Publicly traded Winchester Entertainment has agreed to buy Cobalt Pictures, the Los Angeles and London-based sales and financing company behind Disney’s “Open Range” and DreamWorks’ “The House of Sand and Fog.”
Cobalt’s London-based principal, Rodney Payne, will join the Winchester board. He will continue to run Cobalt as a film-financing label under the name Cobalt Media Capital.
Hal Sadoff, Cobalt’s Los Angeles partner, will ankle the company. Cobalt owners Alton Irby and John Muse will take a 20% stake in Winchester.
The deal reps a consolidation with an eye toward weathering the storms that have beset the foreign sales sector.
“This transaction will be a further step in building Winchester’s feature film business and will bring in two strong shareholders who are fully supportive of the company’s strategy,” said Winchester CEO Gary Smith.
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“We will add to our cash, strengthen our film library with more studio films and introduce an experienced and highly skilled film financing and sales capability.”
Winchester will pay for the deal by issuing new shares to Irby and Muse in two stages. The duo will get a 10% stake on the deal’s completion, with the option to buy another 10% at a fixed price a year later.
At its current stock price, Winchester is effectively paying $470,000 for Cobalt, and assumes no outstanding liabilities.
Irby and Muse would have to pay $590,000 to exercise their warrants on the second set of shares.
Back to Cobalt’s roots
Payne’s unit will be run with a view toward providing financing not only for Winchester pics, but also for projects with other sales companies.
That is how Cobalt first operated when it launched four years ago under the name MM Media Capital Partners, before it set up its own sales operation.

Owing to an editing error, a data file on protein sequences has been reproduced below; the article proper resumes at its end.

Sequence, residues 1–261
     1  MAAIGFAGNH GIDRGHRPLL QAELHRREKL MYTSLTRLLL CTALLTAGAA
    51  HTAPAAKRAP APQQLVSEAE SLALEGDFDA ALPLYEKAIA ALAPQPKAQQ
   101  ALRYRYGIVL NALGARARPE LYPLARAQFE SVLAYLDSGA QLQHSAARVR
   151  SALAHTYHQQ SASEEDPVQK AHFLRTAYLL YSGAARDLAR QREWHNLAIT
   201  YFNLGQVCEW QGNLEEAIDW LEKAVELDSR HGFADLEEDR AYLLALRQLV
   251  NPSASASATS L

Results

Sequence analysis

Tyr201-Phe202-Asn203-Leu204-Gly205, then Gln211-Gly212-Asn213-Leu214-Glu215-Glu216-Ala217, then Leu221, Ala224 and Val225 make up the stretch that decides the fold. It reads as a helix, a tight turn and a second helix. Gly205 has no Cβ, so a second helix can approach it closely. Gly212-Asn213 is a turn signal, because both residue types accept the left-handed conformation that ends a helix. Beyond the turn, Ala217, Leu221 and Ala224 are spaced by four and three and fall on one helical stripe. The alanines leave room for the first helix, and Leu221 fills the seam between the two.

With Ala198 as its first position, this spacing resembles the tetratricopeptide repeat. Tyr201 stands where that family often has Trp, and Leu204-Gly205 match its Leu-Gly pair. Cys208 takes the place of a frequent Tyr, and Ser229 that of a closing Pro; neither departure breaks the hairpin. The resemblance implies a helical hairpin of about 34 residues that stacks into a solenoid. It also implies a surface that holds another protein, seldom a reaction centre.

“We have had a longstanding relationship with Winchester,” said Irby. “Our last collaboration was on ‘Heartbreakers,’ which proved a great financial success for both Winchester and Cobalt. We look forward to more success in the future.”
Cobalt’s current slate also includes Richard Donner’s Paramount pic “Timeline.” Previous titles include “Swimfan” and “Danny Deckchair.”
Irby and Muse previously invested their own equity in most Cobalt movies and will consider such deals for upcoming projects with Winchester.
“We have done that in the past, and there’s no reason why we won’t continue to do so in the future,” Irby said.
He emphasized that he and Muse intend to be long-term investors in Winchester.
Winchester’s slate includes the Klasky Csupo pic “The Way the Dead Love,” Aussie comedy “The Night They Called It a Day” and a movie version of the cult Brit TV series “Red Dwarf.” It has a development deal with the Donners’ Co.
The stock market reacted positively to news of the Cobalt acquisition, pushing Winchester’s share price up 15% to $0.25 and raising its market capitalization to $6.7 million. The company estimates its net asset value at $33 million.